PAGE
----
KNAC.COM: I know Udo was one of the people early on who said he didn't think the new lineup was gonna work, but he's been pretty quiet about the situation since then?

HOFFMANN: And he should be. You cannot decide to not go to a party and then be pissed off if the party is a success without you.

KNAC.COM: You mentioned some of the backlash you got from the song snippet you posted. Have you run into any other bumps in the road along the way?

HOFFMANN: No, nothing really. It's really been triumphant so far, honestly. Our first show ever was in New York City, which was quite daring to begin with because it was the debut with our new singer and we knew the eyes of the world would be upon us because it would be on YouTube the next morning, so if we would have screwed up everyone would have known it right away. Nowadays you can't hide (laughs). You can't do any secret gigs anymore in Siberia and get your stuff in order, you have to be ready from day one. So we did and it worked phenomenal.

We had a couple shows in Germany opening for AC/DC in front of 80,000 people, that was quite amazing too. Everybody had been super supportive and the fans love it. And that in itself is quite a thing to achieve, with a new singer and all that. It's going so much better than anyone could have hoped for and we're super pleased.

KNAC.COM: How were the Sonisphere festivals you played, they were in some unique locations?

HOFFMANN: For sure. We did one in Romania that Metallica headlined one day and Rammstein did the other. But it was a huge success. We played another in Istanbul, Turkey. We'd never been to Turkey before and here we are in a stadium and there's 20,000 Turkish metal freaks singing our songs. It was a quite remarkable night, it kinda took us by surprise, to say the least. Here we are, we haven't been around for like 15 years and we get to headline a show before 20,000 kids who know our stuff and are totally into it.

KNAC.COM: In a live situation, was Mark able to click with you guys right away, or did it take some getting used to after working with Udo for all those years?

HOFFMANN: Yeah, totally. We just fall into our place and do our thing. Peter and I have been playing together for like 35 years, we're just joined at the hip. So we fall right back into what we've always been doing onstage and Mark just finds his place and is right there with us. Obviously the longer we stay together the more we're gonna grow together, even onstage, but it's really been super smooth. And Mark is a professional, he really pulled off the old material like you wouldn't believe, he really nailed it, which is what impresses people the most.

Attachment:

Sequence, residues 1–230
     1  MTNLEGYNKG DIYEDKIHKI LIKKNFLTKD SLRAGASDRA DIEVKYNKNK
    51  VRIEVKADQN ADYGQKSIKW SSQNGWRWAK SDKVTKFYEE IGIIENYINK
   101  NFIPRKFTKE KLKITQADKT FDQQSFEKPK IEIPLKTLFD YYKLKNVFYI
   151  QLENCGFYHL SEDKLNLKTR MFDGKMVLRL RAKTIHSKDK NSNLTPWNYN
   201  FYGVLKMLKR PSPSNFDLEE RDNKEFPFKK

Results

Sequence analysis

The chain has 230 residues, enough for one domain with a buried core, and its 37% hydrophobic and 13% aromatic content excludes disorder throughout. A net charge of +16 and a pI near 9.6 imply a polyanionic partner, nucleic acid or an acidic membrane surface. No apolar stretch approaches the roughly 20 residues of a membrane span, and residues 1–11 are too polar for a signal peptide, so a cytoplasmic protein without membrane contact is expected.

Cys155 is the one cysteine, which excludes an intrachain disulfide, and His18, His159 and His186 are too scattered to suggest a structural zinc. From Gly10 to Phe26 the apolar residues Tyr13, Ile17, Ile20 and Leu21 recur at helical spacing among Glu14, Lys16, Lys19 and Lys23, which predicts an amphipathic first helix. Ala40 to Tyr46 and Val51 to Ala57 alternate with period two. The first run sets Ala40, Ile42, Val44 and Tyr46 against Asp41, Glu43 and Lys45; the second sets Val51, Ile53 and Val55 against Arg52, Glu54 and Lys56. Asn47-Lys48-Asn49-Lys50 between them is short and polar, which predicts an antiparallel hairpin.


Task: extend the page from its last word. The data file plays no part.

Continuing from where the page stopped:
You can always tell there are people coming to the shows who at first are skeptics, just like some people were skeptical at first about the whole idea, and they've kinda made up their minds that it's not going to be any good, but they go anyhow to just see it and it doesn't take long to realize how wrong they are. Honestly, after two or three songs everyone's right there with us, fists in the air and they kind of forget the whole Udo thing and "the whole thing is never gonna work" and they just enjoy the music and they get carried away and they love it.

KNAC.COM: And it's not so radically different, like it was the first time you changed singers.

HOFFMANN: No, it's not like that at all, and that's for good reason. Back then it was all different, we were looking for a new direction and we wanted to just change everything. But now, we just know where we need to be and what Accept stands for. We don't want to reinvent anything, we want to give the fans what they want to hear and enjoy doing it.

KNAC.COM: The album you did with David Reece, was that a case of trying to do too much all at once that was too different, or just not having the right guy?

HOFFMANN: Really all of that together, and the wrong production, there were a lot of things. That was weird times then. I would say if you look at any band with a long career that's still around, you'll find they made some mediocre albums along the way. We just happened to make an album where we were trying something that didn't work. For crying out loud, that doesn't mean you can't ever learn from it and do better the next time around.

It was a time also in the '90s where bands were looking at "where is this whole thing going to go?" Metal was kinda dead for a while, it was really not selling and nobody really wanted to hear it and everybody was looking to Seattle and all the grunge that was all the rage. And at the time all these bands that now are going strong, like Iron Maiden or the Scorpions or Judas Priest, they were all struggling and looking for new ways to keep their fans. That's just normal and you live through it and you learn from it and everybody's back on track now.

KNAC.COM: When you were writing the material for the new album, what was your intent, to capture that classic Accept sound but do it in a 2010 kind of way?